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Old 07-07-2013, 08:27 AM   #1
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So, after towing our 2011 Kia Soul for over 23,000 miles over a two year period it caught fire while being towed and burned to the ground. We've never had any problems towing it since it was a manual transmission it was a simple hook and go. No fuses to pull, no pre-tow setup, just the easiest flat tow you could find. But on July 1 something went really bad as we were headed North on I-25 between Pueblo and Fountain Colorado. We had gone 425 miles the day before and not touched the Kia for the night. That morning we went about 200 miles at our normal 65 mph when I noticed a whisp of smoke from the grill in my review camera. I immediately took Exit 116 which happened to be right there. When I got stopped flames were coming out of the grill. My son-inlaw who was traveling with us and I went into emergency mode, he grabbing the extra set of car keys and I the fire extinguisher. By the time I got to the front of the car the radiator fan assembly dropped to the pavement in a molten blob. The fire was directly behind the radiator and the hood release would not pop the hood, making the extinguisher worthless. Note attempting to blow the extinguisher thru a radiator is non-effective. At that point I realized we were going to loose it so now it became a get it off the motor home and get as much of our stuff out as possible task. I dropped the tow bar while the son-inlaw worked at getting as much out as possible and we worked like lightning getting it done. Once disconnected and pulled away it only took about 5 minutes and the Kia was totally engulfed. Note, always tow with a full tank of fuel, much safer. It took the fire department over 30 minutes to get there and at that point it was a clean up.

I'm thinking we had an electrical short in the radiator fan area since that was definitely the hottest spot to begin with.



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So, now we are in the market for a new toad :-(
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Old 07-07-2013, 09:39 AM   #2
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sorry for your loss. Glad you were able to salvage all you did and no one got hurt.
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Old 07-07-2013, 10:29 AM   #3
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WOW! Sorry to hear. Good you saw it early! Glad everyone is ok.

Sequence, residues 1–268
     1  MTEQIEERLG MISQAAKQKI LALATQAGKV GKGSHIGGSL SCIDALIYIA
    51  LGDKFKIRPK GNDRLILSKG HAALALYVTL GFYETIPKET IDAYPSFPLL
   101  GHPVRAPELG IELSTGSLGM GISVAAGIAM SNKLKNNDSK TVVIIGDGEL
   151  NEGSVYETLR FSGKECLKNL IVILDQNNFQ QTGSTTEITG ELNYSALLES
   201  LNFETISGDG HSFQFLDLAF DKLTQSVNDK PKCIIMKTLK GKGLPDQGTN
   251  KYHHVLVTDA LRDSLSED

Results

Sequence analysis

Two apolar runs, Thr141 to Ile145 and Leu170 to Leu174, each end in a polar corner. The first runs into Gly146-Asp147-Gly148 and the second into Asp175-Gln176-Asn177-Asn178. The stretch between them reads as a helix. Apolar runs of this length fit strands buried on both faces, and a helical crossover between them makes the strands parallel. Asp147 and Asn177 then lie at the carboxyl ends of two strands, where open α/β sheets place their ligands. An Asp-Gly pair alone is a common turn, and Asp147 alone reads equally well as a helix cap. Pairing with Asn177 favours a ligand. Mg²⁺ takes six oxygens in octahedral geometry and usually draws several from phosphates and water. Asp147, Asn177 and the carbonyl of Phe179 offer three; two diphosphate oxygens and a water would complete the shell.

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Old 07-07-2013, 11:23 AM   #4
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One of the things I do is shoot my tires and brakes with an IR gun every time I stop.

A dragging brake would produce a lot of heat and hopefully I would catch that before a problem.

Have you asked a KIA dealer about any reported fires?
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Old 07-07-2013, 12:45 PM   #5
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Sorry to hear about your loss. I don't know why the radiator fan circuit would have electricity in tow mode. Were there any tow harness diodes under the hood? Is there a wire from MH battery to towed battery? I think you'll have to search elsewhere for the cause.
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Old 07-07-2013, 03:25 PM   #6
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No charge line from MoHo. Fire did not start at any one of the four corners so not a brake issue. I'd like to see a wiring diagram because it would seem unusual for a short with the key turned off, on older vehicles, but on today's cars and trucks there are many things hot even with the key off. Hence Ford F150 fires where the truck had not been started in days.

Now it is a possibility that the tow lighting circuit from the MoHo to the bulbs in the Kia's tail lights shorted, it's a possibility.
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Old 07-07-2013, 03:52 PM   #7
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That's too bad. Lucky you got things out and nothing else got destroyed and no-one was hurt. If you were Canadian, I'd be thinking that's some kinda Canada Day fireworks.

There could be a design/construction flaw. Google came up with this: